For many people, certain sounds or images may inspire biochemical responses similar to feeling loved or cared for.
Applications for ASMR
Communities throughout the web sprung up to explore the use and applications of ASMR. Reddit, YouTube and Soundcloud are just a few places where people share audio, visual, and video content intended to create an Autonomous Sensory Meridian Response.
In 2015 researchers from the Department of Psychology at Swansea University conducted the first study focused on ASMR. They surveyed people who use AMS media to learn why they use it. Participants stated to what extent they agree or disagree with a range of statements:
82% agreed that they used ASMR to make it easier to go to sleep
70% reported they use ASMR to manage stress.
One misconception is that people frequently use ASMR for sexual stimulation. Yet, according to this study only 5% reported using ASMR media for sexual stimulation while 84% disagreed with that statement.
It is believed that AMSR provides much needed relief from conditions like anxiety, depression and chronic pain.
While researchers still haven't explored every detail of ASMR, it has already been embraced by some marketers and advertisers in their audio and video advertising. For example, the restaurant chain Applebee's produced a one-hour YouTube video featuring "Soothing Grill Sounds – Sizzling Meat."
This isn't the only major brand experimenting with ASMR. Sony, IKEA, Dove, Glenmorangie whisky, and Pepsi are also incorporating ASMR.
YouTube now has lots of ASMR videos designed to trigger the response via visual and auditory methods. One of the most peopular ASMR artists goes by the name GentleWhispering but there’s many others doing the same. Just search “ASMR” on YouTube to find them.
Negative responses to ASMR-videos
Not everyone responds positively to ASMR-videos, and as a matter of fact, especially some sounds can bring about feelings of rage. This phenomenon is called 'misophonia' (hatred of sound).
For instance, sufferers report that noises made by humans, such as ‘loud breathing or nose sounds’ of any volume can produce feelings of disgust, anger, or hatred in a manner which cannot be explained by previously learned associations.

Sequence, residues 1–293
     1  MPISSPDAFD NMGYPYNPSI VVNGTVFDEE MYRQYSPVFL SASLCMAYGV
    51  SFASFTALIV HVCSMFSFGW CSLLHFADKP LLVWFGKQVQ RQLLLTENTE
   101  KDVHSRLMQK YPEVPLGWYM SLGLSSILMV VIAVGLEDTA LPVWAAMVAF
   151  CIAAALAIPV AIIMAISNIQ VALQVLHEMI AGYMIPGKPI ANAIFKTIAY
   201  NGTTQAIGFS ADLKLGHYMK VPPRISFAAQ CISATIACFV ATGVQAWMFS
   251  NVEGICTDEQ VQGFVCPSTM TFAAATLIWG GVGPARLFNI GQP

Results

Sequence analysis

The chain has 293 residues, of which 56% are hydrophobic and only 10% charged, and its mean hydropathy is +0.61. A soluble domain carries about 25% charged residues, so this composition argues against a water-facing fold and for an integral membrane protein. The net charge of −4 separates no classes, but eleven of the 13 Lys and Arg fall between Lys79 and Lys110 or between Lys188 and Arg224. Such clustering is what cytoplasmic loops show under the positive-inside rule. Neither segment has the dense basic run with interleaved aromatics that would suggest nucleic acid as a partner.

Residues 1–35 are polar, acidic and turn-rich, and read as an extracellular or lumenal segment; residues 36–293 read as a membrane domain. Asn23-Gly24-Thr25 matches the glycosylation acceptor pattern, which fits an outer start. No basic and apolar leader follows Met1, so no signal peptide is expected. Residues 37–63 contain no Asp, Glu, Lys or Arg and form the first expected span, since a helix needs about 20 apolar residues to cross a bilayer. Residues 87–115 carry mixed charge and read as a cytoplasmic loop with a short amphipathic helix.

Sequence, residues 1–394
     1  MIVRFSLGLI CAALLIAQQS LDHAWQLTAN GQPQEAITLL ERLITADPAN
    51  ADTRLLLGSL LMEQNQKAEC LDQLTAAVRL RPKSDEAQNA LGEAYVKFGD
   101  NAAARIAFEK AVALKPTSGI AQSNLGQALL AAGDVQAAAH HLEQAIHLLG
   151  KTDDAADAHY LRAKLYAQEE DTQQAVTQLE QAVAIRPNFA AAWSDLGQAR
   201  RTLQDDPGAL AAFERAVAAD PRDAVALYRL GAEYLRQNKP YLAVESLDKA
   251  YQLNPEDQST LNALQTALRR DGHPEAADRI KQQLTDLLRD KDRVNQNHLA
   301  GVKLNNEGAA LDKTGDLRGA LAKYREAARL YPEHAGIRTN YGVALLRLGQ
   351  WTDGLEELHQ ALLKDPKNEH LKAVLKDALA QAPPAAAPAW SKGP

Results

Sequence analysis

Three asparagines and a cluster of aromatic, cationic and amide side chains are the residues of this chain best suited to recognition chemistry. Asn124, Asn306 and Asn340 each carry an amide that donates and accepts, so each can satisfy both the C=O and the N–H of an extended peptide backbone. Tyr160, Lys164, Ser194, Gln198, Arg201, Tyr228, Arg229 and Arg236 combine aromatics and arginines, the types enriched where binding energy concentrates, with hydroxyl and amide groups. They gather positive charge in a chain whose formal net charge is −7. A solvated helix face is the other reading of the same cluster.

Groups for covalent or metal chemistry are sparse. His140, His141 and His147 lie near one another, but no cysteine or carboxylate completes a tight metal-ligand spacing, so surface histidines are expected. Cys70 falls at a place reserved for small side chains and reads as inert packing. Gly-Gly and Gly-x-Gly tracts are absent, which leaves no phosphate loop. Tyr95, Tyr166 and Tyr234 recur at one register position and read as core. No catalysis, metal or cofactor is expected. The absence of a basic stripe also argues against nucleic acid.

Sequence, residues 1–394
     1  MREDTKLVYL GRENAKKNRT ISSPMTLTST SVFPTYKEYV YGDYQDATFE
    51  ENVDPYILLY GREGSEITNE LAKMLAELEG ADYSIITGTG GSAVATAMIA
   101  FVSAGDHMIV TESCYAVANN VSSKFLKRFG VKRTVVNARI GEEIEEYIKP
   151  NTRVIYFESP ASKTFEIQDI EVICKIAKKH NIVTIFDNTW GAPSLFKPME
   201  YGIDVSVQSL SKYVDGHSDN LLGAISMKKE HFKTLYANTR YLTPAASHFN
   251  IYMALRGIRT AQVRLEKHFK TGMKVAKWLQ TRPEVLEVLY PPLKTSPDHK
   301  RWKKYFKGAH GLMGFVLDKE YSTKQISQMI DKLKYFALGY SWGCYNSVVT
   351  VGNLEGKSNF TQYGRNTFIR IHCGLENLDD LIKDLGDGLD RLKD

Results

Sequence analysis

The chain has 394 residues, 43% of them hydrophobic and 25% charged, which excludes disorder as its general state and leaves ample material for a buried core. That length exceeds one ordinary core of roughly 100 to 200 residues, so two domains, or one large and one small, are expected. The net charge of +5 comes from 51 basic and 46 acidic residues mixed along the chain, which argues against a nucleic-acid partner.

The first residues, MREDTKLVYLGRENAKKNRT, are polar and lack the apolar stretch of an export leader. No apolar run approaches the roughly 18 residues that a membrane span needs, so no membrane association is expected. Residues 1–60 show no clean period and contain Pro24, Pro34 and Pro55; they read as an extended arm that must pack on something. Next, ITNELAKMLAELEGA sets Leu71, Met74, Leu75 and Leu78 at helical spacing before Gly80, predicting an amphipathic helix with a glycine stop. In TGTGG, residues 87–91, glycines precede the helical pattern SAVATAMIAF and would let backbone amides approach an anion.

There are distinct similarities between the experience of ASMR and Misophonia. In both phenomena, triggering sounds originate from human movements and behaviours. Reactions to these stimuli automatic in both cases, unexplained by previously learned associations, and have some consistency.
Relation of ASMR with synaesthesiaASMR seems to be closely related to another phenomenon called synaesthesia, which is best known for 'seeing' certain letters and numbers with a specific colour. However, the combination can be with any other sense, in which what we see, can be felt or heard.
Both ASMR and synesthesia follow somewhat similar patterns; particular inducers (external stimuli, such as whispering, close attention, etc.) produce internal sensational experiences in a somewhat predictable manner. In the case of ASMR, tingling and relaxation, which is perceived as positive. ASMR and misophonia are probably two ends of the same spectrum of synaesthesia-like emotional responses.
It may be that ASMR is the positive end of a spectrum of a sound/emotion synaesthesia, and that this tingling sensation is a secondary phenomenon resulting from intensely positive feelings, rather than the primary concurrent. The data collected seems to support this, as many participants reported feeling relaxation and positive emotions even in the absence of a tingling sensation.
However, there is no mention in misophonia research of any negative counterpart to the tingling sensation found in ASMR. If one were looking for a truly polar opposite sensation, it may be expected to observe numbness in the skin or an irritating sensation present. It must be considered, however, that perhaps the opposite of this tingling sensation is not irritation, but actually the general level of sensation that might be expected in typical individuals.
Rather than this aspect lying on a continuum from irritation to typical sensation to pleasant tingling, it is a smaller continuum between typical sensation and pleasant tingling, with many shades of grey between the two.